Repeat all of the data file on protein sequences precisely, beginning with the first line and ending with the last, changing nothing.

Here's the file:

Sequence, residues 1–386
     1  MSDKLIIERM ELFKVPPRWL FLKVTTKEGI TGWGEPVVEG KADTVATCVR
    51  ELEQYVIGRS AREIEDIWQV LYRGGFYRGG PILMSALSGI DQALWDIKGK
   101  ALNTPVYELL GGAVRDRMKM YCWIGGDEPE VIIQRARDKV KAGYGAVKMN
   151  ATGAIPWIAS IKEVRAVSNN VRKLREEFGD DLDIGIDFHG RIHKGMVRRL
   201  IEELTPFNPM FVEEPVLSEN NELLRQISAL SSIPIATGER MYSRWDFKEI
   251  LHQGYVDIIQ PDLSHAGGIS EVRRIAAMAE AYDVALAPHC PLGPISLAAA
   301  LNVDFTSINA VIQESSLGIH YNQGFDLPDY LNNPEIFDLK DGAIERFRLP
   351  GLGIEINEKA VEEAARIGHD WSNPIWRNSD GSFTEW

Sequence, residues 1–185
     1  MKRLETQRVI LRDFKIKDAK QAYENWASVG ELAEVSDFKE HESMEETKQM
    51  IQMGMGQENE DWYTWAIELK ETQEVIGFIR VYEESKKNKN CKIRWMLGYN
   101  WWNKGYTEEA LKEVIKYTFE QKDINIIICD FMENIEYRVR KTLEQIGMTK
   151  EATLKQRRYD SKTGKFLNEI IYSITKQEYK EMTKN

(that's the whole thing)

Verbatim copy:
Sequence, residues 1–386
     1  MSDKLIIERM ELFKVPPRWL FLKVTTKEGI TGWGEPVVEG KADTVATCVR
    51  ELEQYVIGRS AREIEDIWQV LYRGGFYRGG PILMSALSGI DQALWDIKGK
   101  ALNTPVYELL GGAVRDRMKM YCWIGGDEPE VIIQRARDKV KAGYGAVKMN
   151  ATGAIPWIAS IKEVRAVSNN VRKLREEFGD DLDIGIDFHG RIHKGMVRRL
   201  IEELTPFNPM FVEEPVLSEN NELLRQISAL SSIPIATGER MYSRWDFKEI
   251  LHQGYVDIIQ PDLSHAGGIS EVRRIAAMAE AYDVALAPHC PLGPISLAAA
   301  LNVDFTSINA VIQESSLGIH YNQGFDLPDY LNNPEIFDLK DGAIERFRLP
   351  GLGIEINEKA VEEAARIGHD WSNPIWRNSD GSFTEW

Sequence, residues 1–185
     1  MKRLETQRVI LRDFKIKDAK QAYENWASVG ELAEVSDFKE HESMEETKQM
    51  IQMGMGQENE DWYTWAIELK ETQEVIGFIR VYEESKKNKN CKIRWMLGYN
   101  WWNKGYTEEA LKEVIKYTFE QKDINIIICD FMENIEYRVR KTLEQIGMTK
   151  EATLKQRRYD SKTGKFLNEI IYSITKQEYK EMTKN